You’re walking down a street when you suddenly catch a glimpse of a man lying motionless on the street. His body is rigid, with his arms by his sides, and cars are swerving to avoid him. Another man is grinning and recording the event with his iPhone.
The good Samaritan that you are, you waste no seconds in rushing to the man’s aid. You are a foot from the scene when the man leaps up, grinning.
“Did you get it?” he asks the man with the iPhone.
They laugh. “Let’s post it on YouTube!”
You just witnessed planking.
“Planking,” or the “Lying Down Game,” is an activity that has recently become a worldwide popular fad. In it, people lie face down in unusual locations, while someone takes a picture or records it.
The competition is on to plank in the most bizarre and impossible places, whether it be on a car, a pole, or on the roof. Supposedly invented as early as 1994 by Tom Green, a Canadian comedian, only in recent years has it spread to the rest of the world like wildfire, spawning additional weird activities, such as “owling,” “teapotting,” “horsemanning,” and “batmanning.”
Crazy as planking may seem, there are always those select few who take it to entirely new levels of lunacy. Here are some examples: A teenager planking on two camels, a woman planking on bags of ice, a man planking on a buoy in the middle of the ocean, and a woman planking on a police car.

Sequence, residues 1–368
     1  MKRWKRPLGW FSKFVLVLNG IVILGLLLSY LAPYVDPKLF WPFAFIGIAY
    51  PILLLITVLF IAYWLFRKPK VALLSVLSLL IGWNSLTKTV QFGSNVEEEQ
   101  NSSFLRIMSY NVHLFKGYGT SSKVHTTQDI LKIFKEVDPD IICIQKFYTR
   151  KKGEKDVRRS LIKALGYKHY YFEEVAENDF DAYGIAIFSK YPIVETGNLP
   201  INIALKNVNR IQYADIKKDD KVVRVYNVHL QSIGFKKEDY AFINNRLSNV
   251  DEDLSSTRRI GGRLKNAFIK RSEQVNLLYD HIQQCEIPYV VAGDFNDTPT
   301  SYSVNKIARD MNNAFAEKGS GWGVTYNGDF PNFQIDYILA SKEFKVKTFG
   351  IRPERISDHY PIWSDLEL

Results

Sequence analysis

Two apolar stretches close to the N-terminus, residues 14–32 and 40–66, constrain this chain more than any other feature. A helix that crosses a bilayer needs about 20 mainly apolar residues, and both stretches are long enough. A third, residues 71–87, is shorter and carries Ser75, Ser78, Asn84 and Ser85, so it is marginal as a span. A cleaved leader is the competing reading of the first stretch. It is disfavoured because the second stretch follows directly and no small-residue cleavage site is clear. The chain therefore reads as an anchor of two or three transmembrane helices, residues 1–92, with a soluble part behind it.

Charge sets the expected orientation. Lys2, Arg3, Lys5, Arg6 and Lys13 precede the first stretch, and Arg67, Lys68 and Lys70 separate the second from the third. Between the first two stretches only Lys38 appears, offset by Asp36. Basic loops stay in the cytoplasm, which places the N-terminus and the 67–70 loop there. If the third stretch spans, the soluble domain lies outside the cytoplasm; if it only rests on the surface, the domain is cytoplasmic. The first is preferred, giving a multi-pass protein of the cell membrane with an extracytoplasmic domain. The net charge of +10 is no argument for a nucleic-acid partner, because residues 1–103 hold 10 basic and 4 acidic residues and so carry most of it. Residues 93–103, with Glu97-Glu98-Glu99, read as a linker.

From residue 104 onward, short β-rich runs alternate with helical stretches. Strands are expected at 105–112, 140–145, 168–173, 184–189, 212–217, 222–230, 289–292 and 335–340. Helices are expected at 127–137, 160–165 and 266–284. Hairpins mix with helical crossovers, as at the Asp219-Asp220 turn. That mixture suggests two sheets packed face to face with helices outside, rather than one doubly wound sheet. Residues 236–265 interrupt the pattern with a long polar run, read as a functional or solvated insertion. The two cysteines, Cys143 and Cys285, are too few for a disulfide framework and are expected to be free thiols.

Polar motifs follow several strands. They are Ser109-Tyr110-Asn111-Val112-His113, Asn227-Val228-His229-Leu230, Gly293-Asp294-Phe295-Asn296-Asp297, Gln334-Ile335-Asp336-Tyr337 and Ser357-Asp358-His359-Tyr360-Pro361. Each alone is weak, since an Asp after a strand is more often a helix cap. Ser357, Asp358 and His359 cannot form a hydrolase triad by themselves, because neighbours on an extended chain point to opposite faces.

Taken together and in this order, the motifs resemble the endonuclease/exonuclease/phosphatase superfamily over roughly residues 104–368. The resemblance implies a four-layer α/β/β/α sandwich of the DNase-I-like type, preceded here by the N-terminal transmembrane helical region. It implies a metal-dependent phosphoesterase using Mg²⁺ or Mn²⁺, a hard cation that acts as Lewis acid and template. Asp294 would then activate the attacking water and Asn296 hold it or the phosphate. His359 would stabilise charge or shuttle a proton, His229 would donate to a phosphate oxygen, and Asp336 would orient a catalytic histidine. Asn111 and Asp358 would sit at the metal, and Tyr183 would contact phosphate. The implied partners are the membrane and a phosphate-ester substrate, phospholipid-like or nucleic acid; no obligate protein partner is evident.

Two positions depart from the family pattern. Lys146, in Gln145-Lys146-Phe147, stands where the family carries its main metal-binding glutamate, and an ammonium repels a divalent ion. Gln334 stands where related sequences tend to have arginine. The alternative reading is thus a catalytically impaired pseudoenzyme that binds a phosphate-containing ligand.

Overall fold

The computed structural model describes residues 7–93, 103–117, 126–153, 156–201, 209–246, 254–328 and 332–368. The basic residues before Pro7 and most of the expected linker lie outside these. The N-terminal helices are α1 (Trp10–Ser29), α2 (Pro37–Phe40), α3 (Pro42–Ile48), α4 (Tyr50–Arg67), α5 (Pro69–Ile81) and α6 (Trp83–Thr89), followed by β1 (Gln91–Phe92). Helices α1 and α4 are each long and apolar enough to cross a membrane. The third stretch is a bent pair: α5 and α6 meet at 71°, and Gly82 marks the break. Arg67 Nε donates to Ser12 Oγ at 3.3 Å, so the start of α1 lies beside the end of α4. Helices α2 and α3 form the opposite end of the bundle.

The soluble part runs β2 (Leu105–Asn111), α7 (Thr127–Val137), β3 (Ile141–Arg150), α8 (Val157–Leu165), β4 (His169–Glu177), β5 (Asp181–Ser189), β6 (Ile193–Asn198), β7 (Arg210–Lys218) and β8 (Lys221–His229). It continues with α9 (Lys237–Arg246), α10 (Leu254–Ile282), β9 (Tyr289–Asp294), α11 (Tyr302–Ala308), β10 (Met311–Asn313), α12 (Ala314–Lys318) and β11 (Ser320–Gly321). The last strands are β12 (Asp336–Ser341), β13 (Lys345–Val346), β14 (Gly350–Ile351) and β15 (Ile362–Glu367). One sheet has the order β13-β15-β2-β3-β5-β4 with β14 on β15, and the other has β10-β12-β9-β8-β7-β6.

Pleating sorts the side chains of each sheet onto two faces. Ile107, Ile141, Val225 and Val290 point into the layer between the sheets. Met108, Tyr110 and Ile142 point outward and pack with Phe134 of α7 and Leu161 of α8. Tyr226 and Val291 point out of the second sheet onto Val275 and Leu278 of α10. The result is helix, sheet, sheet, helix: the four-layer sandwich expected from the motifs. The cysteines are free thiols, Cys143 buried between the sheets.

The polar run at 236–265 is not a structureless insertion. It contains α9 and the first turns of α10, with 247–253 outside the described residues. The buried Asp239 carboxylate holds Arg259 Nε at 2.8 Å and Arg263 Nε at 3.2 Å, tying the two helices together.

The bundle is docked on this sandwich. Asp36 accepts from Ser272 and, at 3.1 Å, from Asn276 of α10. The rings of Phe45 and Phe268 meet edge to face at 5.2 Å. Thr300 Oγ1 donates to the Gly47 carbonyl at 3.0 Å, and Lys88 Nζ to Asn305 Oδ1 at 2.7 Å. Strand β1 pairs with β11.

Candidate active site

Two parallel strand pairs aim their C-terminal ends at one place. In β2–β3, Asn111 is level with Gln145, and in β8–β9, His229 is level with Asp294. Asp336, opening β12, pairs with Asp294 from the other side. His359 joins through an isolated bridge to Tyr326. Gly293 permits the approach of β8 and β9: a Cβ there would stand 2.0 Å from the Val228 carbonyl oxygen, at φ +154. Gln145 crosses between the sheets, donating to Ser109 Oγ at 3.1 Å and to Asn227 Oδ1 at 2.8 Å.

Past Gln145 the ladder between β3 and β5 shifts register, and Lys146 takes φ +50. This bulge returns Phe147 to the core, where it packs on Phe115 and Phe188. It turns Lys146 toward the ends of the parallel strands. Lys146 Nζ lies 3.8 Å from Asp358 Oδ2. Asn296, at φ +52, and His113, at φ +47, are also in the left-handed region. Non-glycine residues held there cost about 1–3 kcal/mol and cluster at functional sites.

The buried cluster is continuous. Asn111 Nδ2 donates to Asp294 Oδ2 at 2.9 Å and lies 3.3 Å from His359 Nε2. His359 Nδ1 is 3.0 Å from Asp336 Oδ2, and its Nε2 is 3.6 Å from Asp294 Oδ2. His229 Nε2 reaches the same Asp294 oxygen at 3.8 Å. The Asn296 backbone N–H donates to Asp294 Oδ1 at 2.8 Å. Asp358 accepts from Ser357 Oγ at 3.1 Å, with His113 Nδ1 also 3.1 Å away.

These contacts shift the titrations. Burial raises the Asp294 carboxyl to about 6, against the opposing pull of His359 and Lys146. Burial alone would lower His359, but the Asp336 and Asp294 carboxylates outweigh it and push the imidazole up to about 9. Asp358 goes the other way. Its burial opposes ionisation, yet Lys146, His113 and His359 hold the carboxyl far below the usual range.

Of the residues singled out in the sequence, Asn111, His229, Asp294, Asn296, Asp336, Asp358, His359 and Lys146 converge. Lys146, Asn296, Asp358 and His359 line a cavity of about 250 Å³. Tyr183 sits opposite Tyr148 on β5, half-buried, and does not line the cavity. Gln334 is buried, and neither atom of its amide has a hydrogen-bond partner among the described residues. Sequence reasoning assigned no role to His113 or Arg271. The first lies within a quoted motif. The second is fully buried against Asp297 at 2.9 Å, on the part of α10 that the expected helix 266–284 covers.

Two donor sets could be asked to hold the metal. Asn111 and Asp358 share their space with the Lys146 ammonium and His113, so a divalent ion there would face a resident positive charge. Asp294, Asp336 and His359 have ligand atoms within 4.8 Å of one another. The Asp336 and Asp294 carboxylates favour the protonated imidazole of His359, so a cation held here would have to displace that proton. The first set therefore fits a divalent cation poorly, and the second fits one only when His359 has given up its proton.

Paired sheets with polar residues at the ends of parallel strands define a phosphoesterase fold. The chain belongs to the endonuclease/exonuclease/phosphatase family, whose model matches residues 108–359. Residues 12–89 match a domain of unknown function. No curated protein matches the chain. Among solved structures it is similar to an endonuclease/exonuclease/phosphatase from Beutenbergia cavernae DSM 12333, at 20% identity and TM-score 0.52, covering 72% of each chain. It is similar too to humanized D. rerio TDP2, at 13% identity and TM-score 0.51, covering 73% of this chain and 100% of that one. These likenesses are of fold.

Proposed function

No country, no region, is free of this all-pervading trend. The basketball player Dwight Howard and 100 of his fans planked together on September 2, 2011 in Beijing.
Max Key, son of the prime minister of New Zealand, John Key, uploaded a picture on Facebook on May 29, 2011 of himself planking on a lounge suite with his father standing behind him. That caused quite a political uproar.
Even Ivy League universities aren’t safe anymore, as demonstrated by a planking event at Princeton University earlier this year.
Planking may be, I admit, hilarious and wild, but it has already led to numerous injuries and at least one confirmed death. So, please, plank all you want; there are some benefits, if you think you’re getting exercise by doing it, but be careful.
Don’t plank on the roof of a seven-story building, or on top of a flag pole. And please, for you non-plankers, watch out for plankers in the streets.
Certainly people will soon tire of planking, and it is anybody’s guess what the next wacky activity will be. My prediction is… “coneing.”
Amanda Glatt, 14, attends Livingston High School and is a member of Nu’s teen board.